The idea of getting “back to normal” after the coronavirus pandemic has eased is a misnomer. While lockdown measures may have tested UK society economically and emotionally, they have at least allowed time for reflection. And there must be a new normal now; the old one wasn’t working.
Through mass home-working, the stress and anxiety-inducing culture of presenteeism that pervaded many UK workplaces has been exposed as excessive. Jobs that employees were told would be impossible to do from home have quickly become possible to do remotely, using technologies that already existed well before social distancing was introduced.
Meanwhile, the universalism of poor mental health, and how easily anyone can be affected by it, has been a constant in the news cycle, with regular ONS figures updating our understanding of the nation’s wellbeing. Even before the pandemic, the conversation around workplace mental health, whether for employees in the office or at home, required both more urgency and more honesty.
It is not enough to parrot the line that a happy workforce is a productive workforce if companies are not taking active steps to ensure that this is the case. The answer does not lie in either having an office presence or home-working – there are merits to both – but rather in striking a balance between the two. Positive flexibility can help employees to stay on top of their everyday chores and responsibilities that, when managed alongside a rigid nine to five schedule, can sometimes overwhelm and lead to greater stress.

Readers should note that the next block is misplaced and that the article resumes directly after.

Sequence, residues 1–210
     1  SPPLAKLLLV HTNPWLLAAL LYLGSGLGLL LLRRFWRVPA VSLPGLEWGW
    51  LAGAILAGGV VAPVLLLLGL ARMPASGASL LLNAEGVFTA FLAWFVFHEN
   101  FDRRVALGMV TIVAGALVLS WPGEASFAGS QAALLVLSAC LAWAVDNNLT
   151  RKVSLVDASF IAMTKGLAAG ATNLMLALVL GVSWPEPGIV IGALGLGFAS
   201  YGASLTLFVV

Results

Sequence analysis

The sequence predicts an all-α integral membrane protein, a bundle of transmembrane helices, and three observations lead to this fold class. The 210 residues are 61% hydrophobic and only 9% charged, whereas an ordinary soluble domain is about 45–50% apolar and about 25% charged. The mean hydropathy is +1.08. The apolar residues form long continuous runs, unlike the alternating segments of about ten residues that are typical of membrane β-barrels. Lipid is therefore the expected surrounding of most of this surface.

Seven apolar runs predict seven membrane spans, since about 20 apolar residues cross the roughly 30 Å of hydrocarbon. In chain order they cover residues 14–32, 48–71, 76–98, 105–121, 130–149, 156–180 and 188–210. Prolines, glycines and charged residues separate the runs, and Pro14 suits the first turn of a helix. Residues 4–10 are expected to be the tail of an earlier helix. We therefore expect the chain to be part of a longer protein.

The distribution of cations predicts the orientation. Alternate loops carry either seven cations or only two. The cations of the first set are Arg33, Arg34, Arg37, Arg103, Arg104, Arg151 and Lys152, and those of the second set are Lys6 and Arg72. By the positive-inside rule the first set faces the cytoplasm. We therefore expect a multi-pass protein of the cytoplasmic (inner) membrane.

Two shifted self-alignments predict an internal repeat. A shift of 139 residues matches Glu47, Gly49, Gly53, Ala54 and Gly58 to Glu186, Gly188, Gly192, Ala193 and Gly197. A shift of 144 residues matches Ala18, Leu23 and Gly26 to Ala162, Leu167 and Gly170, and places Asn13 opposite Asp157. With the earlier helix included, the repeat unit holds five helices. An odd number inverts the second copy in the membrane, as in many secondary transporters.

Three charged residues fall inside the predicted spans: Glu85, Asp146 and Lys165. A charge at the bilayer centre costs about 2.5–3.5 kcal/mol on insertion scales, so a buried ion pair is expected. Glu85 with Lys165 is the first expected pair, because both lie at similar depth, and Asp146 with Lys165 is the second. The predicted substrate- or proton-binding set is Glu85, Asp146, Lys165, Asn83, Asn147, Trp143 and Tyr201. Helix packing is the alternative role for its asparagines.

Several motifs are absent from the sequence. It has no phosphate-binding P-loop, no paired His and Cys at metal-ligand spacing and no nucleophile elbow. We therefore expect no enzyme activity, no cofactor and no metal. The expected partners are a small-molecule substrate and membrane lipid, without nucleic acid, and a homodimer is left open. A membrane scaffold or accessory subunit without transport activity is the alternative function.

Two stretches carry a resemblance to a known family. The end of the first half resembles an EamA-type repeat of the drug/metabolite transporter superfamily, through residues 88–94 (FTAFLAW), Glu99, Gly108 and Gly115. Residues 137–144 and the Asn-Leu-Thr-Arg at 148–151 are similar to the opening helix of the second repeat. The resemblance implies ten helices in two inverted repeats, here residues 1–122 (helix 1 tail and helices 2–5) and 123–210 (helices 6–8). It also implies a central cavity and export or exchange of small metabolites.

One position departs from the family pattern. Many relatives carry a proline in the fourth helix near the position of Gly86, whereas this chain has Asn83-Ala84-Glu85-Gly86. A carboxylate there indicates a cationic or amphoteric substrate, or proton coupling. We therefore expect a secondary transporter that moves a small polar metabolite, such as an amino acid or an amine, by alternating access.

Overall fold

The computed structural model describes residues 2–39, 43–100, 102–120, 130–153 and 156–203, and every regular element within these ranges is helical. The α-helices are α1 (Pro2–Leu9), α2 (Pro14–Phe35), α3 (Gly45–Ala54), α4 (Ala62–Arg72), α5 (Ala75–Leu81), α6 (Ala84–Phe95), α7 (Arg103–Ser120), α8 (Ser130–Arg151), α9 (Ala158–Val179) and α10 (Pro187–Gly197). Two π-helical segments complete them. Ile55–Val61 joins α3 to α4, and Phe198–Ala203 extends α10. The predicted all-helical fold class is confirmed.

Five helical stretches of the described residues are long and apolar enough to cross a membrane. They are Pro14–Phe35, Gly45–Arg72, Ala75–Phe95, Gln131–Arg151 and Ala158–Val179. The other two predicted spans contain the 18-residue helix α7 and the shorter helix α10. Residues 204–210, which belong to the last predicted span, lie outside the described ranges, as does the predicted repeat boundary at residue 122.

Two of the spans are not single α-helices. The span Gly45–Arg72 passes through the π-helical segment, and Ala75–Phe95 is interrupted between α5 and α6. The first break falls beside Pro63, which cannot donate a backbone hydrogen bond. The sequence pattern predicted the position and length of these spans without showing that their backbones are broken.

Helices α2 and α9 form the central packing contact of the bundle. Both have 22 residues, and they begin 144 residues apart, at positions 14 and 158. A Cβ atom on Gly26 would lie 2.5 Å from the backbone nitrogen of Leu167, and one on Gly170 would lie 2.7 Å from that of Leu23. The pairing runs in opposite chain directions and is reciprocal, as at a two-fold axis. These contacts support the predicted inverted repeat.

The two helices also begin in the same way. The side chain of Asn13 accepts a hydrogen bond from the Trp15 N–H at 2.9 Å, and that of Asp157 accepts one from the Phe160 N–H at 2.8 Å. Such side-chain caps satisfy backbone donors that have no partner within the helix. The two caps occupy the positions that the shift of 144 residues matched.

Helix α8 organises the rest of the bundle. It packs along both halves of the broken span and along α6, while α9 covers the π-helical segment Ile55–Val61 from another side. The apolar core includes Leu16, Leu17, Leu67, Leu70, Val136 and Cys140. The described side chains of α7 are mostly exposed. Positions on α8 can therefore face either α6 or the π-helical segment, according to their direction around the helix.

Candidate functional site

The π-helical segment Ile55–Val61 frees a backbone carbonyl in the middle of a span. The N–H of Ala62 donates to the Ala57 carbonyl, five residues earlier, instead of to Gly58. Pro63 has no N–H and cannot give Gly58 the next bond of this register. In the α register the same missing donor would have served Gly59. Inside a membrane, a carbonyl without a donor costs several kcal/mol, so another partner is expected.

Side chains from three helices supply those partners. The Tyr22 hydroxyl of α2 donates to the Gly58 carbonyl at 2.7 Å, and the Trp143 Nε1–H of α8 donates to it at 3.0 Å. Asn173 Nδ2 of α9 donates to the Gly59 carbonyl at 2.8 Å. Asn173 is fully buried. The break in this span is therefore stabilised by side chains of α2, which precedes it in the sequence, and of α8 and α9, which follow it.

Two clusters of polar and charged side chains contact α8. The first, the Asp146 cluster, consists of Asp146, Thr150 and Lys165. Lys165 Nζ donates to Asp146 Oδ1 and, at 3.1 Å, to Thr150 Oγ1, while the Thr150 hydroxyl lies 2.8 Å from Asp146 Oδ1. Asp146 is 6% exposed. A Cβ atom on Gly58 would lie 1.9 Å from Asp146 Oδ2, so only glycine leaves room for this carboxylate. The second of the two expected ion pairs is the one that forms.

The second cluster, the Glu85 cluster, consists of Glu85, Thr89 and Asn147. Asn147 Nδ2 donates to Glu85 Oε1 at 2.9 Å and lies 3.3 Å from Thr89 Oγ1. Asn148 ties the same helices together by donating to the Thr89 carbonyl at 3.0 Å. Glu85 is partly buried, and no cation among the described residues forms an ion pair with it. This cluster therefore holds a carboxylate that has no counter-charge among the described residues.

But where stress, depression, anxiety or any other form of mental health issue does become too much to cope with, organisations should encourage frank conversations. Ostensibly, despite the government’s insistence that mental health problems should have parity with physical ones, public perception has not changed. A survey carried out by People Management last year found that 65 per cent of UK workers had pretended to have a cold or headache when they took a day off, rather than admitting that they needed time to look after their mental health. Of the 65 per cent who had lied about why they were off sick, nearly a third (27 per cent) believed that their bosses would not be understanding, or that they could face some sort of disciplinary action for doing so.
In reality, there is no legal difference between a sick day taken for poor mental health and one taken due to a physical ailment. Yet too many employees still shy away from giving themselves the time they need for self-care, while too many companies are clearly still perpetuating a needless stigma.
The British stiff upper lip needs to be replaced with an arm around the shoulder. Rather than getting “back to normal”, then, the UK’s ambition should be to do things differently, more flexibly, and better. The criteria for what constitutes an acceptable reason for a mental health sick day should be decided personally. Any company worth its salt should understand that.